This past Sunday, Egyptian election officials declared Mohammed Morsi Egypt’s first freely elected president in the country’s history. Although it is unclear what authority he will have, his win is considered a huge victory for the Muslim Brotherhood. The 84-year-old Islamist group was outlawed under Hosni Mubarak but formed its own political party after his fall last year. They captured 47 percent of the parliament late last year. However, days before the presidential run-off election, Egypt’s Supreme Council of Armed Forces (SCAF) dissolved the parliament and reinstated their authority to operate unchallenged.
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During Clinton’s historic visit to Burma, ‘flickers of progress’ pave the way for an end to isolation
Burma, the long-ignored pariah state of Southeast Asia, seems to be in the beginning stages of turning over a new leaf. After four decades of sanctions and terse diplomacy, Secretary of State Hillary Clinton paid a historic visit to the Burma this week and announced that the U.S. would be loosening its blockade on aid to the country.
Before the visit, President Obama declared that Burma was showing “flickers of progress” in recent months, indicating the potential to “forge a new relationship” with the state. Clinton’s arrival marks the first U.S. visit from high-level official to the country since the 1950s, before Burma underwent a military takeover followed by decades of authoritarianism, repression and frequent skirmishes between the military and various ethnic minority groups on the nation’s border. Clinton’s agenda included a meeting with President Thein Sein, formerly the leader of the nation’s military junta, as well as a meeting with famed democratic leader and Nobel Peace Prize winner Aung San Suu Kyi.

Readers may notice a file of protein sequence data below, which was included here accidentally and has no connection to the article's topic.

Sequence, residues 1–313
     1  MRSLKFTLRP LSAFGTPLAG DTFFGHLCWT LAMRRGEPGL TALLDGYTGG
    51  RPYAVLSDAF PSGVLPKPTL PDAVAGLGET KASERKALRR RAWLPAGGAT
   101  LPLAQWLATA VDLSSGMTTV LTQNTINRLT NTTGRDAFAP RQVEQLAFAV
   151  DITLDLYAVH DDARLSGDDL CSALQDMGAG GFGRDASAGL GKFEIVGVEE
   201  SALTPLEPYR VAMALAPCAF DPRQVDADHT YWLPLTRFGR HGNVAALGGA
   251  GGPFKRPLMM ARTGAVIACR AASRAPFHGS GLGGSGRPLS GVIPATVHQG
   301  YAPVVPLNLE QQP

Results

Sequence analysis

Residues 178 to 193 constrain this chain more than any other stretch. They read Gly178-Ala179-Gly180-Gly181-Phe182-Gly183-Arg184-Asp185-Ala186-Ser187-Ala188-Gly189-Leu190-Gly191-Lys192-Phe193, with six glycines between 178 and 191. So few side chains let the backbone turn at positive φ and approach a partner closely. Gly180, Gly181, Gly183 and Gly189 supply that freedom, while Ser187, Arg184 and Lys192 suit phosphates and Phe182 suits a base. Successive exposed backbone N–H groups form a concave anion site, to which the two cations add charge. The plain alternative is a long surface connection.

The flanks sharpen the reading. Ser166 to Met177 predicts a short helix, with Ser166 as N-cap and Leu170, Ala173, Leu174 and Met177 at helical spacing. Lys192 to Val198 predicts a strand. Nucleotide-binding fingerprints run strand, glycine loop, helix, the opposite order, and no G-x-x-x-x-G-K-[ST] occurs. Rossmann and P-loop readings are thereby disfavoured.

Clinton’s visit to Burma is one part of President Obama’s recently announced shift in foreign policy to focus on the Asian-Pacific, which analysts have noted is an effort to engage seriously with China, the region’s rising powerhouse. Although Burma’s decades of human rights and economic repression have earned its general status as an outcast in the Southeast Asian region, it retains crucial access to valuable resources and has retained strong ties with China. This warm relationship has allowed Burma to stay somewhat economically afloat despite sanctions from Western nations — although the dearth in foreign investments has rendered a high poverty rate in the country and prevented Burma from adopting many modern technologies, evoking a “time warp” effect for its few visitors.
During Clinton’s visit with Thein Sein, she reviewed many of the concerns the United States has with Burma’s policies: Burma’s long list of political prisoners, its heavy atmosphere of censorship on speech and the press, and its inability to curb unrest among ethnic minority groups, many of which have separatist goals.